30 June 2011

Set Me Free

Needing to spend a long day in London, I took the coach from Oxford and alighted at Notting Hill Gate. It was a real summer day and even at 9 o'clock it was getting warm. Past Kensington Palace Gardens, with all its embassies, and into the park, I headed east towards Lancaster Gate with a view to picking up the Last Friday course at the end of the Long Water - the extension of the Serpentine. Lots of other runners out, all seemingly plugged into their own musical worlds and studiously avoiding eye contact. Gaggles of foreign tourists or language students too, with no idea that spreading out across the entire width of the path really isn't acceptable. And random hazards too, like the woman who, seeing me approaching, still turned sharply to her right into my path to head for a park gate.

A day for seeking out the shade. Along the path parallel to Rotten Row I passed a slim, long-legged girl, ears plugged, but at Hyde Park Corner I stopped for a quick breather and she passed me again, with not a word of flicker of acknowledgement. I didn't see her after that. Down Constitution Hill I took to the horses' pathway, for the shade and the soft sand - though it was packed pretty hard.

By the time I gained St James's Park, three miles in (and therefore half-way to my destination), I was hot and thirsty and looking forward to getting to the drinking fountain. I'd completely forgotten that last time I'd needed it it had been out of action, and although it had a new tap fitted (replacing the sawn-off copper pipe that used to spout water when a button on the side was depressed) that produced a tiny trickle. It was also still surrounded by bollards and tape, though the tape had been broken and didn't act as much of a deterrent - but without water there was nothing to be deterred from anyway.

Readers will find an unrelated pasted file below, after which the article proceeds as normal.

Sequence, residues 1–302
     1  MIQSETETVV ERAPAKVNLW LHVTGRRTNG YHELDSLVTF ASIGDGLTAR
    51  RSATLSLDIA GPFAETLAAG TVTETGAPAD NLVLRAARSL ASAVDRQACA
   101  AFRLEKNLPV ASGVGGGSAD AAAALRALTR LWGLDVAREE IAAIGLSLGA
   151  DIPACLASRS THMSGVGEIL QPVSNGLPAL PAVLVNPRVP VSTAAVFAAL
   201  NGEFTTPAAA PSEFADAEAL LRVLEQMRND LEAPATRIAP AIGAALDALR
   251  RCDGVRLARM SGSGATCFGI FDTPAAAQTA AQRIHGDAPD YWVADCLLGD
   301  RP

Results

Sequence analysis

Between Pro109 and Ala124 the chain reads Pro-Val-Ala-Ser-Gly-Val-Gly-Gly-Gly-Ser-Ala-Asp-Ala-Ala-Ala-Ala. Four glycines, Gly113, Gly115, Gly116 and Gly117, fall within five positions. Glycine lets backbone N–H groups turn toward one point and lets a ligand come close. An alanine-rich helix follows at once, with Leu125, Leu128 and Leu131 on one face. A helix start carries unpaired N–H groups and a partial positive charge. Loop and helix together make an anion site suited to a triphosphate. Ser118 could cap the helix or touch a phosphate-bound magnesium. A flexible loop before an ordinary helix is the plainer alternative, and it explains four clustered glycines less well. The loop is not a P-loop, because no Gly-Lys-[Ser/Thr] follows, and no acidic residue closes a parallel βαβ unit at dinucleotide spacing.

I backtracked to the refreshment kiosk, deciding to invest an extravagant pound or so in a bottle of water. Three people behind the counter, one serving another customer and taking a long time to do it: neither of the others saw fit to serve me, so I pocketed my money again and figured I'd get to the office without expiring. Indeed, leaving the park there was a pleasant, cooling breeze from the direction of the river.

Ahead of me on Horseguards Parade a man on a Boris Bike was making for the arch - through which stern notices tell cyclists not to ride. He showed no sign of dismounting, but when I reached the arch myself and could see in the shadows he was pushing his bike - I wonder whether the Guardsman in his ceremonial uniform with sword in hand had persuaded him to abide by the law? Could this be a more general solution to the problem of anti-social cyclists?

The Embankment could usually do with a few sword-yielding Guardsmen to keep the cyclists off the footway, but today there was no need, and as I counted the miles and looked ahead to Blackfriars it seemed to me that the stretch along the riverside was shorter than I remembered. Onto the footpath under Blackfriars Bridge, and   I put in a quick few hundred yards before coming to a halt outside the City of London School, at the foot of the steps under the wobbly bridge.

Another runner, heading west with a bigger backpack than mine, a man with the air of an ultra-runner, makes some jokey comment which has gone from my mind before I could note it down. Did he call me "young man" or something similar? Was it irony? Did he sympathise because it's hard, or tell me it wasn't really hard? Who knows? Maybe I should use poetic licence and put words in his mouth. What does it matter? After being blanked by all the other runners I'd seen, this friendly exchange was very welcome. I bounded up the steps, jogged to the pedestrian crossing 50 yards further on, crossed because the traffic was waiting, paused again for breath on the other side, then bounded again up to St Paul's - featuring in several tourists' photos of the landmark, I bet.

And so, eventually, to the office. A bit of extra distance, a touch of speed (pretty slow, still, but faster than it could be) and a fantastic feeling of well-being, of ease of movement, for the rest of the day. Set free, indeed.

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